Democratic presidential frontrunner Hillary Clinton will speak in support of the nuclear deal with with Iran on September 9 - the same day Republican candidates Ted Cruz and Donald Trump are headlining a rally in opposition to the deal.
Clinton has previously voiced her support for the agreement. The speech next week will give her an opportunity to expand on her position and push back on Republican critics of the deal.
The agreement, negotiated between the U.S., Iran, and five other nations, would roll back economic sanctions on Iran in exchange for limits on the Iranian nuclear energy program. The administration and many Democrats believe it is the best way to ensure Iran does not acquire a nuclear weapon, but Republicans argue it concedes too much to Iran and puts them on a path to the bomb.
Congress is expected to vote in mid-September on a resolution disapproving of the deal. With the GOP in control of both chambers, the resolution is expected to pass, but President Obama has promised to veto it. Republicans face an uphill climb to muster the votes to override that veto.
Earlier this month, Clinton said she's hoping the deal is ultimately approved, warning that "all bets are off" if Congress manages to kill it.
"The Europeans, the Russians, the Chinese, they're gonna say we agreed with the Americans, I guess their president can't make foreign policy," she said. "That's a very bad signal to send."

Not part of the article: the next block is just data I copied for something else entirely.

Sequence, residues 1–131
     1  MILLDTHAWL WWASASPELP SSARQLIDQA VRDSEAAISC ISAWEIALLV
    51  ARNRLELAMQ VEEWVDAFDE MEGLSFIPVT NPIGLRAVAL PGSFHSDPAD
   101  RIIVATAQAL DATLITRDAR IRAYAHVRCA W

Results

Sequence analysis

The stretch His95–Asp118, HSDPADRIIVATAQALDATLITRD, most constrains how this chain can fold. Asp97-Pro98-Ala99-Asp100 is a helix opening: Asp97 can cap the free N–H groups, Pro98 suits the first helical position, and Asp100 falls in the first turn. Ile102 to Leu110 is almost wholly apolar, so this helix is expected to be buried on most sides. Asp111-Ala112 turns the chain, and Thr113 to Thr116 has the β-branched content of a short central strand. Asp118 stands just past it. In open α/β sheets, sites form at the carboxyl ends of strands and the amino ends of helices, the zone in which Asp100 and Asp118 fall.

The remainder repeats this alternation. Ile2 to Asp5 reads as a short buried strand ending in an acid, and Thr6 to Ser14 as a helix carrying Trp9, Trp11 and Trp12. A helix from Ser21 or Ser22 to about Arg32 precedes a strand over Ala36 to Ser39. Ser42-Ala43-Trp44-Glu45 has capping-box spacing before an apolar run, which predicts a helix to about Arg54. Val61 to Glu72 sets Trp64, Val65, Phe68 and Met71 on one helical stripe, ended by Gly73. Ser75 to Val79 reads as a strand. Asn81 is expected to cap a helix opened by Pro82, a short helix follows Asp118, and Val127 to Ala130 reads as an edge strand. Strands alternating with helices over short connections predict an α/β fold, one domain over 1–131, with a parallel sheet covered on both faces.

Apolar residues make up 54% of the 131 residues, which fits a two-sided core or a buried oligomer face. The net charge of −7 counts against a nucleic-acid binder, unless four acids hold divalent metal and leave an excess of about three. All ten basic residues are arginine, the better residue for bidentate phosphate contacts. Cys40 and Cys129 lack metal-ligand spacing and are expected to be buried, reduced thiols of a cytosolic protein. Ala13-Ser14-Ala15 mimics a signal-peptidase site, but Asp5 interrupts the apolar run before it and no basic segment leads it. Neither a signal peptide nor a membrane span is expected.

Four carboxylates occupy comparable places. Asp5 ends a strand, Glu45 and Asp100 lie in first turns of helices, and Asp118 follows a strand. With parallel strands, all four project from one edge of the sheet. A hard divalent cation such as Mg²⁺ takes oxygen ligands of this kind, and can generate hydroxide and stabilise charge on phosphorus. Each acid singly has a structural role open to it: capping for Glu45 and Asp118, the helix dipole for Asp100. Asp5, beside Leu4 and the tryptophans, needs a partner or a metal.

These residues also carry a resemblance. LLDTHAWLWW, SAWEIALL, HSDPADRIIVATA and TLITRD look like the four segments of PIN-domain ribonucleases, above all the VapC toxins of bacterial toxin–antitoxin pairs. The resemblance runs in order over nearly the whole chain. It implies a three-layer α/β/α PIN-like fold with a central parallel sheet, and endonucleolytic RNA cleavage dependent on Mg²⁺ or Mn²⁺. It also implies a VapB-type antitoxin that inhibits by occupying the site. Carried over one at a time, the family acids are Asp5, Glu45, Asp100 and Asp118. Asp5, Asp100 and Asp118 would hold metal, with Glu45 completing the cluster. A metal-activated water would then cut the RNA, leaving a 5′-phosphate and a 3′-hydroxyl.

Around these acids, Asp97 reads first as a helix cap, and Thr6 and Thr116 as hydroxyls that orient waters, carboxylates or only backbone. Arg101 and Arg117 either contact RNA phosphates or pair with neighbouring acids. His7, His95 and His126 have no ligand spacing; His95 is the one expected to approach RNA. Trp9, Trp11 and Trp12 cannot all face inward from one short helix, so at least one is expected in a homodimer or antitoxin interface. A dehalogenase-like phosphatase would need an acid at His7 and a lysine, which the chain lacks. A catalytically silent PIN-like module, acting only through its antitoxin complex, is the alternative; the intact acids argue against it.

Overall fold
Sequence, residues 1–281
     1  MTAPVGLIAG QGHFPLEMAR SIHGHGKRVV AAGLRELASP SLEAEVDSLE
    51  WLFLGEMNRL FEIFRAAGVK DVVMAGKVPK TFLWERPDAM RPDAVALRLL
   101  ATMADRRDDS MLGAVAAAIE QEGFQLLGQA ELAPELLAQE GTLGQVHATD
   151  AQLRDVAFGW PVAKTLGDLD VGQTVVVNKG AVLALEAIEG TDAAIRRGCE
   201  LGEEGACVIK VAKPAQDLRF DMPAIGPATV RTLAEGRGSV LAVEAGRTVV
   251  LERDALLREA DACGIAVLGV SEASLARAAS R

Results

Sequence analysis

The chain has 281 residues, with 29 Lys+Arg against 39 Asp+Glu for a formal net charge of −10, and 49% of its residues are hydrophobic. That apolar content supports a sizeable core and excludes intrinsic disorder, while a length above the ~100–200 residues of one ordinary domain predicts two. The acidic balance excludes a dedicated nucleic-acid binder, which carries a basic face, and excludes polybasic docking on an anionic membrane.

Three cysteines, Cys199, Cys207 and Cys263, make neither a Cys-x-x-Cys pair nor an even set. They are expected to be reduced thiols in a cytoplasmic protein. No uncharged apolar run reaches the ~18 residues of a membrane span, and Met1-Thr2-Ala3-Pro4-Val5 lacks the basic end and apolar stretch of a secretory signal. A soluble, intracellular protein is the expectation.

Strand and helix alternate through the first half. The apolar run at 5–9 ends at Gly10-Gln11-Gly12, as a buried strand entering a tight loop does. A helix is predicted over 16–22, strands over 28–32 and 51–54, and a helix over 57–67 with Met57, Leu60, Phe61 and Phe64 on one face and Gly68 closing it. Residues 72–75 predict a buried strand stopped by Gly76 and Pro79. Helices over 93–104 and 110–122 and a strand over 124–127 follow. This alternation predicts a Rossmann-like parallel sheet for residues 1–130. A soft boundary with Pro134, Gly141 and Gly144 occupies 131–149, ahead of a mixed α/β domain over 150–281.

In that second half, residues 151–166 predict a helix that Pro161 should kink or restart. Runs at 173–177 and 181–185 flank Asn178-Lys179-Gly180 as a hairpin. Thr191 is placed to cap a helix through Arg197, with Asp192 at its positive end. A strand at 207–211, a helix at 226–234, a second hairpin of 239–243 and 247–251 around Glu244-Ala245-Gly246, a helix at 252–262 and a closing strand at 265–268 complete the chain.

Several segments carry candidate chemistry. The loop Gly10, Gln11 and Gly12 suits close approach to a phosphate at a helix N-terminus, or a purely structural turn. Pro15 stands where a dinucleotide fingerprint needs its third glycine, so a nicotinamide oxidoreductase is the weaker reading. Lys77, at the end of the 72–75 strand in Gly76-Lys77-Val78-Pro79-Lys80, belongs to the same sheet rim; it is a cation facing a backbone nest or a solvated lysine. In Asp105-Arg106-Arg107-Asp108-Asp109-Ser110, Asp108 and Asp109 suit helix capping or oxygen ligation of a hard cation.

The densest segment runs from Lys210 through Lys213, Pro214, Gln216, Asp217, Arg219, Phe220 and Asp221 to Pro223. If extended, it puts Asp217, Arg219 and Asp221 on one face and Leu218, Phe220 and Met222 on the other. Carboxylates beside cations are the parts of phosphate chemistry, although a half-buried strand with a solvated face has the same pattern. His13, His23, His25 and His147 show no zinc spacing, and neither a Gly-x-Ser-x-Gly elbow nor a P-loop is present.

Cruz, a GOP senator from Texas, and Trump, the bombastic GOP frontrunner, have each condemned the deal, and their rally next week will give them an opportunity to lay their case before a broader audience.
Cruz's campaign described the agreement as "catastrophic" in a statement, and the senator tweeted that he was "glad" Trump accepted his invitation to speak against the nuclear deal.
In other Clinton news, the faltering-but-still-frontrunning Democratic candidate received some welcome news on Monday, when her campaign announced that she'd been endorsed by New Hampshire Sen. Jeanne Shaheen.
The news comes after a rough few weeks for the Clinton campaign, which has grappled with with stronger-than-expected Democratic primary competition and continued concerns among some Democrats about how Clinton is handling the controversy over her use of a private email server as secretary of state.
A Boston Herald/Franklin Pierce University poll earlier this month found Clinton slipping behind Vermont Sen. Bernie Sanders in New Hampshire, 44 to 37 percent. It was the first poll of the 2016 cycle that found Clinton behind a primary rival in an early voting state. And over the weekend, a Des Moines Register/Bloomberg Politics poll showed that Clinton's lead over the Democratic field has eroded, showing Sanders within seven points of Clinton, with 30 percent to her 37 percent.
Shaheen's endorsement gives Clinton a timely boost in New Hampshire, which holds the nation's first presidential primary. Earlier this month, Clinton announced that former Iowa Sen. Tom Harkin, a popular Democratic figure in the first caucus state, had endorsed her candidacy.